Fig. 5A THE ELECTRIC FIELD CAUSED BY THE OPPOSITE CHARGES Again, here's a 3D oblique view. The two halves of the circuit act as opposite-charged wires with e-field flux connecting them. As with figure 3A we need to draw a third pattern between the two above, then draw more between those until the whole wire is covered with bent sheets of electrostatic flux which arcs between the wires.

 Fig. 6 E-FIELD AND B-FIELD TOGETHER

 Fig. 6A E-FIELD AND B-FIELD TOGETHER The 3D oblique view of the two fields. Add more and more patterns between the two shown above, until empty space is packed full of "hair." Note that most of the flowing energy lies between the two wires... but quite a bit also surrounds the "cable pair" as a whole. Also note that the E and B flux lines are always at 90 degrees to each other. When we say that E and B in light waves are always perpendicular, the above diagram shows what such a thing looks like.

 Fig. 7 THE ENERGY FLOW (POYNTING FIELD) Electromagnetic energy flows out of the battery and into the empty space around the circuit. It flows parallel to the connecting wires, then it dives into the resistor. The field of energy flow is found by multiplying the e-field by the b-field (E x B vector cross-product.)

 Fig. 8 ENERGY FLOW FIELD WITH E-FIELD IN GRAY Note that the energy always flows perpendicular to the lines of e-field

 Fig. 9 ENERGY FLOW WITH B-FIELD IN GRAY Note that the energy always flows perpendicular to the lines of b-field too.

 Fig. 10 A SIMPLE CIRCUIT? When all the separate invisible phenomena are displayed together, you can see why "electricity" might be a bit hard to understand. And this diagram only shows a two-dimensional slice; a sort of side view of the fields. The real fields are 3D and volume-filling, so an accurate drawing would look like a black glob of hairs.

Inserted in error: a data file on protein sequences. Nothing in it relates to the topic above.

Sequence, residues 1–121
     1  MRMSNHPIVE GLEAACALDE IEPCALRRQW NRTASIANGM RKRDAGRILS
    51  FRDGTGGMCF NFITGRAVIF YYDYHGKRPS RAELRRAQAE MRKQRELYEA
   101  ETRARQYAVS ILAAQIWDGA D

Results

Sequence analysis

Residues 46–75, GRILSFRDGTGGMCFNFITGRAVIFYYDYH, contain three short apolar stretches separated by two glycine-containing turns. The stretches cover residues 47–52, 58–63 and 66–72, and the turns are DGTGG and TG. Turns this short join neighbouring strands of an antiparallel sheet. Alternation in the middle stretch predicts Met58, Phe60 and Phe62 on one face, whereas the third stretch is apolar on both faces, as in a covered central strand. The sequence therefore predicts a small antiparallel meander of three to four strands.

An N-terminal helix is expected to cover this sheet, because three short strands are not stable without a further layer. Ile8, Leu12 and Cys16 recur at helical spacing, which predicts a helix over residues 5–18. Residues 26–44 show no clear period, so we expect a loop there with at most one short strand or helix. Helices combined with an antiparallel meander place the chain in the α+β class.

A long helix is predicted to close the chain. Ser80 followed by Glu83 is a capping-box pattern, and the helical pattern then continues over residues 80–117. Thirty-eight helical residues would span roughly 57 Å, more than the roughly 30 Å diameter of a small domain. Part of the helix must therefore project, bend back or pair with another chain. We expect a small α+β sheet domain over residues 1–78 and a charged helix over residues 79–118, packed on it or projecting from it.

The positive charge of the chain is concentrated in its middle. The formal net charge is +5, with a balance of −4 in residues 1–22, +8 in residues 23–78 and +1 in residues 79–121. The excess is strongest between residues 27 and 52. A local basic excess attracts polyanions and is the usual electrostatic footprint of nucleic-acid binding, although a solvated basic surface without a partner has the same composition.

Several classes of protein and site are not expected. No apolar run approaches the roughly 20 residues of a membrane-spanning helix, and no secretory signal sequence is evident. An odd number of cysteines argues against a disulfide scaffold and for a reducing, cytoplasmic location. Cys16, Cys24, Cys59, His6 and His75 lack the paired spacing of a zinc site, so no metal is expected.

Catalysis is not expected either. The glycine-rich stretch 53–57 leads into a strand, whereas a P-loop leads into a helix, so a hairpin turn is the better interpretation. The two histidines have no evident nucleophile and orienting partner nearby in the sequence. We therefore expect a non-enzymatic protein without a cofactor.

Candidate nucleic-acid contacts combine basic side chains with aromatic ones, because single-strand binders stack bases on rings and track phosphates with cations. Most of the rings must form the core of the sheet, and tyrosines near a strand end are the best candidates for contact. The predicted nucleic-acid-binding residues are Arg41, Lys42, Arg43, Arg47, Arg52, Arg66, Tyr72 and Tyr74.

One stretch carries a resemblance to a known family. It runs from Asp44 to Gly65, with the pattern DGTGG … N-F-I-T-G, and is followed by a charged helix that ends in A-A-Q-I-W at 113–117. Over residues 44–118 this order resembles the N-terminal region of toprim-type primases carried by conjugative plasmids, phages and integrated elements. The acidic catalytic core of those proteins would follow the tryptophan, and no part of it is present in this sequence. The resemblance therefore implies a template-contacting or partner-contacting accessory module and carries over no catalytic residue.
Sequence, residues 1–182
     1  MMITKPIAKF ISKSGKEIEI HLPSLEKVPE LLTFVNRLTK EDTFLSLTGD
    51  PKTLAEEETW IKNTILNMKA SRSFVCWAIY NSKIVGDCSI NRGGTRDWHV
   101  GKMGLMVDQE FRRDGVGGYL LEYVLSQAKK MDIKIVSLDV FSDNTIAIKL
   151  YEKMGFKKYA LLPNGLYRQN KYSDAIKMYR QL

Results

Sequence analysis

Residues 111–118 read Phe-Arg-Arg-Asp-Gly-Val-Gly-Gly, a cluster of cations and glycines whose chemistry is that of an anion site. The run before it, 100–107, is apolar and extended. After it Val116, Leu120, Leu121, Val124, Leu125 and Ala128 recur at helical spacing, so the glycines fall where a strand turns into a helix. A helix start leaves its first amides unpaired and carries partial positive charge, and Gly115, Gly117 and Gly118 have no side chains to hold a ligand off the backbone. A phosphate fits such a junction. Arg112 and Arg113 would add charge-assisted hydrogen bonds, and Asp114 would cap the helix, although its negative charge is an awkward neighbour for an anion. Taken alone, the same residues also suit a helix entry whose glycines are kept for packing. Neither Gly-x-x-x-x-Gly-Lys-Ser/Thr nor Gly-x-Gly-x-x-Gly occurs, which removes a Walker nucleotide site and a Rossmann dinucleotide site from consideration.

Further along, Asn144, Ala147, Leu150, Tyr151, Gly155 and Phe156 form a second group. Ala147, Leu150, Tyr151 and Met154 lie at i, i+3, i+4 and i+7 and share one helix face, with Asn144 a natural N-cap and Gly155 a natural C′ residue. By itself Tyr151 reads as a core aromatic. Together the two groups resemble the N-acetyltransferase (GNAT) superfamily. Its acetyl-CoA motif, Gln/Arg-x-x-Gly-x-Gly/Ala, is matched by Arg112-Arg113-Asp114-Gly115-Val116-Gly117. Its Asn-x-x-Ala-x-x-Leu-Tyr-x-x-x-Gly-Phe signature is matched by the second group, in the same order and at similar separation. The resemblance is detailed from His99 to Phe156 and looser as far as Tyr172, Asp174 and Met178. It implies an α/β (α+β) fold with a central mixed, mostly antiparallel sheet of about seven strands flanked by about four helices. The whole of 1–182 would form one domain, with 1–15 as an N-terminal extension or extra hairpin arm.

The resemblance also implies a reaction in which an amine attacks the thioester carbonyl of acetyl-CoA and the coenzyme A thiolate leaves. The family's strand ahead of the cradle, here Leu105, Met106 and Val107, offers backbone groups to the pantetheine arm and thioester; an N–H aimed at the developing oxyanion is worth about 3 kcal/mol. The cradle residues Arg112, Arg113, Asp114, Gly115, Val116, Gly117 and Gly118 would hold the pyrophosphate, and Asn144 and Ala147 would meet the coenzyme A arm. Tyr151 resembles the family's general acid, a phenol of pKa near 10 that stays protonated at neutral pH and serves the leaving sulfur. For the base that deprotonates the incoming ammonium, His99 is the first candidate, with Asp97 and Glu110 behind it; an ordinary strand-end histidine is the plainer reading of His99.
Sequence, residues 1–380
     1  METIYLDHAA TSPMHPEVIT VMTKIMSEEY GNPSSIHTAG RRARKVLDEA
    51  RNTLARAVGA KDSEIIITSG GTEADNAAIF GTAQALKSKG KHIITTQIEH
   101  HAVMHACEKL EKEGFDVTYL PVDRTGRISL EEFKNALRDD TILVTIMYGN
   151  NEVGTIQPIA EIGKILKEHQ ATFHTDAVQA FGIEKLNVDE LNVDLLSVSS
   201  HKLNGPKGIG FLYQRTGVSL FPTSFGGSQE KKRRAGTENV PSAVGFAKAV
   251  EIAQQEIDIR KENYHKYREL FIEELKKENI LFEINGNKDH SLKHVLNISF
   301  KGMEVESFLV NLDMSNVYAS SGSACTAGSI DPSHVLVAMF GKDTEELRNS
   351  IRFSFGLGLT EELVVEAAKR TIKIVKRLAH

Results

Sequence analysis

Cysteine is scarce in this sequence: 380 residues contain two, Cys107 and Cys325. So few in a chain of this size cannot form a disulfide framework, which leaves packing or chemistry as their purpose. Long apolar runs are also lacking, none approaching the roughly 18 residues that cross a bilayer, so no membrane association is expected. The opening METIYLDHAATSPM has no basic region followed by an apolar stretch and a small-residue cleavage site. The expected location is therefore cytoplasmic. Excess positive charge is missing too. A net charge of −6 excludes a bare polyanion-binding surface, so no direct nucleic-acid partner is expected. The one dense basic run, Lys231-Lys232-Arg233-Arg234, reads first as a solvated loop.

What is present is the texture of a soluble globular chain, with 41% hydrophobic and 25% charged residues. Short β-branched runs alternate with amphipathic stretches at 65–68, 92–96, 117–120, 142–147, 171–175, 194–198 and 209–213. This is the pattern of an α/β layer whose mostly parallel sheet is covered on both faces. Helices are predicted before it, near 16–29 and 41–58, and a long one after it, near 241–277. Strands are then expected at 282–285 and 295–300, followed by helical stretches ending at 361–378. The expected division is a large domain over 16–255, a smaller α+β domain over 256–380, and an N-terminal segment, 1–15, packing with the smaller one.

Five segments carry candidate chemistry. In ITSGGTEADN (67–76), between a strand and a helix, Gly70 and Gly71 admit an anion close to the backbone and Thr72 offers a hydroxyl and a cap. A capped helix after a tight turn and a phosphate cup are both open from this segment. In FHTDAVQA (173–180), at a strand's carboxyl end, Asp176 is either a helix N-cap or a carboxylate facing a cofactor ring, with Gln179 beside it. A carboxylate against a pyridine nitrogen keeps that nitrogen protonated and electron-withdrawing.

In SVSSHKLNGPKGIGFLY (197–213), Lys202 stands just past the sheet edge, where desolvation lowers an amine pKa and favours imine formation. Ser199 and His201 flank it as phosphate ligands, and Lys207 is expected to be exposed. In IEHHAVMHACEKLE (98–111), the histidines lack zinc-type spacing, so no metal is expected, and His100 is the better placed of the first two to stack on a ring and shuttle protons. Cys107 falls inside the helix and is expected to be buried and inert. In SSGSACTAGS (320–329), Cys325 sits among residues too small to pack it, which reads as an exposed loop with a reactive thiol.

Poynting-flow diagrams are extremely rare in physics texts, and the majority of physics instructors seem unaware that they exist. Perhaps the reason is, that while still children, we were all taught that energy flows inside the wires. These childhood science misconceptions are extremely difficult to change. Our physics misconceptions frequently remain unexamined, and often persist well into adulthood science and engineering careers. For example, RP Feynman mentions the Poynting-flow concept in "The Feynman Lectures," Chapter 27, and performs EM-field energy flow analysis on capacitors and resistors. But then he doesn't analyze 2-wire transmission lines, nor does he link all the components together into a continuous system as with my figure 7 above. Worse, at one point he angrily bad-mouths the whole concept, and insists that the evidence shouldn't lead us to change our original viewpoint. Instead he suggests that we continue to assume that the energy flows inside the copper! This is Feynman?!! Counciling dishonesty rather than harnessing an "alternate toolkit?" Amazing. (And ...doesn't he know that the speed of light within solid copper, the speed which causes Skin Effect phenomena, is down in the meters per second range? How then can electrical energy cross the circuit so quickly?)

If the common misconception that "energy flows inside wires" has had such a deleterious effect on an honest free-thinker like Feynman, imagine the trouble a more conventional mind would have with it. No joke, I see this as quite a frightening issue.

Here's another version of my figure 7:

page 417, Fig 10-19, found in:
ELECTROMAGNETICS 2nd Ed., John D. Kraus & Keither R. Carver, McGraw-Hill 1973
This one above is interesting, because it shows one place where poynting vector energy flow is a crucial idea: Antenna Design! Kraus' Electromagnetics is essentially an antenna design book aimed at physics students. (But note that Kraus makes an important point: the source in the above diagrams ...is a battery! The propagating EM flow has 0Hz frequency.)

Below is another one for convenient use:

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http://amasci.com/elect/poynt/poynt.html